Anyone who’s lived through exam week can attest to how easy and tempting it is to go for the most convenient food that is driven by stress cravings. While it’s O.K. to indulge from time to time, think of the body and mind as a machine that needs the proper fuel to perform. Focus on preparing meals ahead of time so when the inevitable time crunch happens, all that needs to be done is warming a container in the microwave or pulling something from the fridge.

 

Focus on foods that have a combination of protein, healthy fats, fiber and slow-releasing carbs so that satiety can be reached to crush that exam. If strapped for time, snacks such as nuts and a piece of fruit or protein bars are good, cheap and portable options.

 

7) Keep the ultimate goal top of mind

 

A lot of students can start to lose steam, especially when they’re in the thick of things, or if they decided to commit to a larger course load. It’s important to be reminded of the reason why all of the hard work is being put in. Is it driven by the desire to be at the top of the class? Or is it to make friends and family proud of the academic accomplishments? Is there a goal to get accepted into law school? Does one want to pursue a masters degree?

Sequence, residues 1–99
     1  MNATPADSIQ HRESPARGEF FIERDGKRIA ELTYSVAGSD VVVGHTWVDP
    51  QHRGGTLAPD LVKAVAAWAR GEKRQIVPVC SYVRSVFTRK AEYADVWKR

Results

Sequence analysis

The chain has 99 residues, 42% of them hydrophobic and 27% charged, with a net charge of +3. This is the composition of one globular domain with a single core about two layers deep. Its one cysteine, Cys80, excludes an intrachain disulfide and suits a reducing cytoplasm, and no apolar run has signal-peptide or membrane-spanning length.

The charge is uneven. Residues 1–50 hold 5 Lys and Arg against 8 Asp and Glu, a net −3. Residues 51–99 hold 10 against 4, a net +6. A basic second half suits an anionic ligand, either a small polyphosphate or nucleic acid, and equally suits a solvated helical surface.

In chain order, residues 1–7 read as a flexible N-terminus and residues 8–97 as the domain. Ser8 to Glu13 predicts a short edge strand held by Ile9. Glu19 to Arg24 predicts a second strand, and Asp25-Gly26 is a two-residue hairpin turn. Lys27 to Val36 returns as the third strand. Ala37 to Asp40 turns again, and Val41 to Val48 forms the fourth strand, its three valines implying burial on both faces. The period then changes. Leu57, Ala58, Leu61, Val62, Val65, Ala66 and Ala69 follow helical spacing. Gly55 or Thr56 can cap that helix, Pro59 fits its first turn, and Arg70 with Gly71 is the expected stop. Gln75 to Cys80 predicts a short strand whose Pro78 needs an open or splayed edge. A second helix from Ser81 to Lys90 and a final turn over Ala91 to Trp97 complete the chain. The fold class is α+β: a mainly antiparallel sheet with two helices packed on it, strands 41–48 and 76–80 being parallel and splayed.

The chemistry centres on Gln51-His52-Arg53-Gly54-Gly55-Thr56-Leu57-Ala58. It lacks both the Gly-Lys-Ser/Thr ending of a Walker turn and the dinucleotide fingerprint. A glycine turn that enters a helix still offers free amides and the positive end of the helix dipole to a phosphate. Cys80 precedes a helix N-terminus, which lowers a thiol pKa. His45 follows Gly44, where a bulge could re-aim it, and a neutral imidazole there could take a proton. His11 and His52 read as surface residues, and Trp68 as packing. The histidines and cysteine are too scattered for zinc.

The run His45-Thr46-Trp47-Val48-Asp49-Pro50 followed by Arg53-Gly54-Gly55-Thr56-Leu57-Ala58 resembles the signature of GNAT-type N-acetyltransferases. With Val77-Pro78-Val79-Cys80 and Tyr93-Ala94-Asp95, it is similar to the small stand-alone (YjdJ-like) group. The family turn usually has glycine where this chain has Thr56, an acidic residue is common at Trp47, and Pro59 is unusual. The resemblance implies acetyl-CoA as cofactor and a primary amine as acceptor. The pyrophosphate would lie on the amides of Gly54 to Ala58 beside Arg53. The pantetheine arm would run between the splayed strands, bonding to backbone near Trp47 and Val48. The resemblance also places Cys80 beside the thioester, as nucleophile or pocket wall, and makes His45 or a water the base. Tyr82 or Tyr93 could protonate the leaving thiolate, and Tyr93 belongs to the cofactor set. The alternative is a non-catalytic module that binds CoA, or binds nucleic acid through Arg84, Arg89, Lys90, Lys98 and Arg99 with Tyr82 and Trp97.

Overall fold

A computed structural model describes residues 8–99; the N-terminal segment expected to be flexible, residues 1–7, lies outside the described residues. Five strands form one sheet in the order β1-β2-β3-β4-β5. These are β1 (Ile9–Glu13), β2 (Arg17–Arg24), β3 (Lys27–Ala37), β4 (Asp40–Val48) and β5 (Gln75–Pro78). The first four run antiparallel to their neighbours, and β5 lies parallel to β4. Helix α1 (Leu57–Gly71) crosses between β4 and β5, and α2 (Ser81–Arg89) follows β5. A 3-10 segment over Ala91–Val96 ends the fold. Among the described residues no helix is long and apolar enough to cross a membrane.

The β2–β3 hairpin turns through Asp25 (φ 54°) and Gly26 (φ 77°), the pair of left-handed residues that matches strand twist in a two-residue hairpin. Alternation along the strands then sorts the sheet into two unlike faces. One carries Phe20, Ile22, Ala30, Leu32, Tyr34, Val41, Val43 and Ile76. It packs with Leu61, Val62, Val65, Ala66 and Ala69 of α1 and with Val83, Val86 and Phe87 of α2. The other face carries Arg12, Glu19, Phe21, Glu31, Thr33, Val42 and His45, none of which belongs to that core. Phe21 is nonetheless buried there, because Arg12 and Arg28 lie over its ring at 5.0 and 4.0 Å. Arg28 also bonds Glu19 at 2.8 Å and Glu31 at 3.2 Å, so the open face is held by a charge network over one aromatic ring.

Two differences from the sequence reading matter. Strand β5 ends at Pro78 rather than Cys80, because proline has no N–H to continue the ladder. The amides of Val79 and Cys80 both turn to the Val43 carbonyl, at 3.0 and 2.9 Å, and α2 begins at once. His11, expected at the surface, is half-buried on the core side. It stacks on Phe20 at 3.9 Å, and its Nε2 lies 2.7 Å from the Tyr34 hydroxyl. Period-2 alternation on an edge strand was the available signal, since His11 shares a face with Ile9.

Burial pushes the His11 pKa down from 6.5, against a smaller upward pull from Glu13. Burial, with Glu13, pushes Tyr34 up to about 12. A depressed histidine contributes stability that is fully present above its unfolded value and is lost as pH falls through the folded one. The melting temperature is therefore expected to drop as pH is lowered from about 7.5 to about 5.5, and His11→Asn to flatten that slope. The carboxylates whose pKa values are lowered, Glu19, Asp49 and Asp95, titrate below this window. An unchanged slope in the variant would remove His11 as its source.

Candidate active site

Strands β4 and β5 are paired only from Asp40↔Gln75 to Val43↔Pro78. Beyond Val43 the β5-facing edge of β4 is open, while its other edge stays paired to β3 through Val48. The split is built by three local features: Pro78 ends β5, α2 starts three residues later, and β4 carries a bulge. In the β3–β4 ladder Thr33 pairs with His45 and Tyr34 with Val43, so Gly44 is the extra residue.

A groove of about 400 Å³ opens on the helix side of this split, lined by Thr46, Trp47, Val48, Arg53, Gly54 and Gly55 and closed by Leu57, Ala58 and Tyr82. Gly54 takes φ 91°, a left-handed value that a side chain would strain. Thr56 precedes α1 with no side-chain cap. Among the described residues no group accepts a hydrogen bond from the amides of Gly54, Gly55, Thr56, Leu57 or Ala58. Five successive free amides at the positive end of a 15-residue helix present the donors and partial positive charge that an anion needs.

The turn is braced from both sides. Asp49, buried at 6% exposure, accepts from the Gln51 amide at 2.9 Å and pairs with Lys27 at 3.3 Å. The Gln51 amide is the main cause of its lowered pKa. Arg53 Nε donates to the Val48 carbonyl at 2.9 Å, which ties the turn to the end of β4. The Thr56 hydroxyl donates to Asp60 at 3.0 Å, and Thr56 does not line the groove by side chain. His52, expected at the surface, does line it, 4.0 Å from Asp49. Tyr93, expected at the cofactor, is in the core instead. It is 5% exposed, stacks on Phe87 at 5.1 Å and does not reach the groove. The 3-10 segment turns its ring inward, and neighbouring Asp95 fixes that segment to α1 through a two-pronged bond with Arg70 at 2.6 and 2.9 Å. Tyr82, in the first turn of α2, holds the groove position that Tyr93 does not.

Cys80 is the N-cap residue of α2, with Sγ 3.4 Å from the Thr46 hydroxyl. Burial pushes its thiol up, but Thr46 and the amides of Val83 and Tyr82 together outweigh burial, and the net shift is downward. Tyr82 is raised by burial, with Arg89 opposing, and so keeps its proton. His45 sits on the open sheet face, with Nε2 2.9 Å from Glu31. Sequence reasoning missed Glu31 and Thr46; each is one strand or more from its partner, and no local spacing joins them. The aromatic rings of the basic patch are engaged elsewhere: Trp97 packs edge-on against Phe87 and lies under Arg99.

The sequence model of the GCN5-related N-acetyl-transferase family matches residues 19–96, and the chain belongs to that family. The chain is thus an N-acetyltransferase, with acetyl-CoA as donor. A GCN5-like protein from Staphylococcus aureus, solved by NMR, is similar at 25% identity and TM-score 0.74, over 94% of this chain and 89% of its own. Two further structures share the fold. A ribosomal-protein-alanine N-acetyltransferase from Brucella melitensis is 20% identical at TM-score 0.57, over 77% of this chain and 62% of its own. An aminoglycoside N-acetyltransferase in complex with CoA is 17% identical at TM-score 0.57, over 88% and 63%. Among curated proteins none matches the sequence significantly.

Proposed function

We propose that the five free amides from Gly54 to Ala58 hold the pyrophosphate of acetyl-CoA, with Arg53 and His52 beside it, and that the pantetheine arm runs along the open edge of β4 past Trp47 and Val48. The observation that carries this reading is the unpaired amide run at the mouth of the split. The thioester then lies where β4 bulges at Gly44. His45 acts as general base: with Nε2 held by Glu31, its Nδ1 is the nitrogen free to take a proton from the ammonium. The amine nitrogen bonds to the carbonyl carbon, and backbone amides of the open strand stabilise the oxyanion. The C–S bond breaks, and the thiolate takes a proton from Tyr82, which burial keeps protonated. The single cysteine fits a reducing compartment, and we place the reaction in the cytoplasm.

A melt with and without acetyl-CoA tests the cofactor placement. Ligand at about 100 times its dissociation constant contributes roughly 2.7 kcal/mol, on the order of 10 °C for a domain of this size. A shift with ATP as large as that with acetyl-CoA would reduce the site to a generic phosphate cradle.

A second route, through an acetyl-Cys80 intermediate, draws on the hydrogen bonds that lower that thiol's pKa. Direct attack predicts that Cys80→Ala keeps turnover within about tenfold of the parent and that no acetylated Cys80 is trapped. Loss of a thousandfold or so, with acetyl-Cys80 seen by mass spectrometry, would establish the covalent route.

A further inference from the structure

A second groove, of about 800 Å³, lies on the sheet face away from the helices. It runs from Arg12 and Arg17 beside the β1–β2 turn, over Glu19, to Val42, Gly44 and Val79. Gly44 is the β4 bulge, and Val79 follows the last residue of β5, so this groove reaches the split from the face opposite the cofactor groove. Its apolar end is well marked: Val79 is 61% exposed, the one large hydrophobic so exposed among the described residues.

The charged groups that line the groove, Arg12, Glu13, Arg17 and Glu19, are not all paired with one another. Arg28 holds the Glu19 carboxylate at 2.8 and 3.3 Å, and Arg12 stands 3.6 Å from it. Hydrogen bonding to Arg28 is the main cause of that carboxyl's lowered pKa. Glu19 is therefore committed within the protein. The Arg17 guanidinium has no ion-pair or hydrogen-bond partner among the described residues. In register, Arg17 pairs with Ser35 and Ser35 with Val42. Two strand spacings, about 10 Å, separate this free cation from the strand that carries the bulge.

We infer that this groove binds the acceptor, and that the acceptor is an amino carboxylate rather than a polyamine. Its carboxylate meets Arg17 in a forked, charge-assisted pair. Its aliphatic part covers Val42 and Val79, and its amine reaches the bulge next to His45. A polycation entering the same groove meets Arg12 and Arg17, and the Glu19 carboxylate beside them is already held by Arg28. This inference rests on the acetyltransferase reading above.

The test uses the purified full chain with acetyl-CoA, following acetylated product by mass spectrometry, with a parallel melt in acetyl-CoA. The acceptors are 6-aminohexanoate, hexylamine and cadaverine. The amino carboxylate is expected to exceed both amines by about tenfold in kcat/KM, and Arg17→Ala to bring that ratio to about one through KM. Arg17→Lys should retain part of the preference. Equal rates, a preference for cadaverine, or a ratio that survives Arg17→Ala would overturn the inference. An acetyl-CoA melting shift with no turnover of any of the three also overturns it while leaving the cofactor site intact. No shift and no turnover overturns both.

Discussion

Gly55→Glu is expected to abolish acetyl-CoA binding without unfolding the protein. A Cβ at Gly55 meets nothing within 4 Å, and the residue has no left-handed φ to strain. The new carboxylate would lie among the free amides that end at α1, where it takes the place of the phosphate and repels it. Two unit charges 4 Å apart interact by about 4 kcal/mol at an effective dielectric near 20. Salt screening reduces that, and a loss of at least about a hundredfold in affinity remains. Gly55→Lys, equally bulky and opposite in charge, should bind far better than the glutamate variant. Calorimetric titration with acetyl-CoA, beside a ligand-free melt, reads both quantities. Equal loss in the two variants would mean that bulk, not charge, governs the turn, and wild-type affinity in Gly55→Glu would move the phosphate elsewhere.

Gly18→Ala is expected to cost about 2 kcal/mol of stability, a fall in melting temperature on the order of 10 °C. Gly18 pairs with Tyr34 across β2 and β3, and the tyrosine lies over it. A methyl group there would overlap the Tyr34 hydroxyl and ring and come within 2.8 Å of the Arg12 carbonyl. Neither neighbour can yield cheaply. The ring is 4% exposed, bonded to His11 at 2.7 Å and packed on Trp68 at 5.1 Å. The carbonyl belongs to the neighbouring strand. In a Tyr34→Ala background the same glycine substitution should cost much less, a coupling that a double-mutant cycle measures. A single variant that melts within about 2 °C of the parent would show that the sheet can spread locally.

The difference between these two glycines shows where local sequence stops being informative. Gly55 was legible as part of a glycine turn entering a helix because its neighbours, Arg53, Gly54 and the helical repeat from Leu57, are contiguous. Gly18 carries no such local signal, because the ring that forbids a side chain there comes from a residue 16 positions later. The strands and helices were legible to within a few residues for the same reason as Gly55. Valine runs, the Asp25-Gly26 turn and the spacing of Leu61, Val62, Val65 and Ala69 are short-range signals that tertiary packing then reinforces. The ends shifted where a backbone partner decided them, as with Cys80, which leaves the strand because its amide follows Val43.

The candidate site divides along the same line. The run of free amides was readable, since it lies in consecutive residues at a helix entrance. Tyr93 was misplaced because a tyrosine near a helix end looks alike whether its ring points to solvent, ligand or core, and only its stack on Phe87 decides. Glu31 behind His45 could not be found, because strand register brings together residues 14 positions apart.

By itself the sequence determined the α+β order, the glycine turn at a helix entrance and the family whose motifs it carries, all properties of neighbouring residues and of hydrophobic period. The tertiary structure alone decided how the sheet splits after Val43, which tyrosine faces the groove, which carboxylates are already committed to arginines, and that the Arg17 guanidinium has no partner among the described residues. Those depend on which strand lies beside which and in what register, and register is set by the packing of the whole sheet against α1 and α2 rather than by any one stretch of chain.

One technique is to write down the big picture goal and have it somewhere visible – be it a virtual sticky note on the computer background, or a physical sticky note on the desk. That extra push of motivation will help during moments of exhaustion and study fatigue.

 

It’s incredibly easy to let stress supersede many of these tips, but it’s important to take the time to map out the study schedule, focus on one task at a time and be kind to one’s body. 

Take a step back and focus on managing stress using these simple tactics to optimize the performance on exams and assignments. 

 

About the Author

Claire Westbrook is the founder of LSAT Prep Hero, a hub of free LSAT resources aimed to help aspiring law students ace the LSAT. She’s on a mission to help as many students feel prepared and confident in their academic endeavors.

Facebook Comments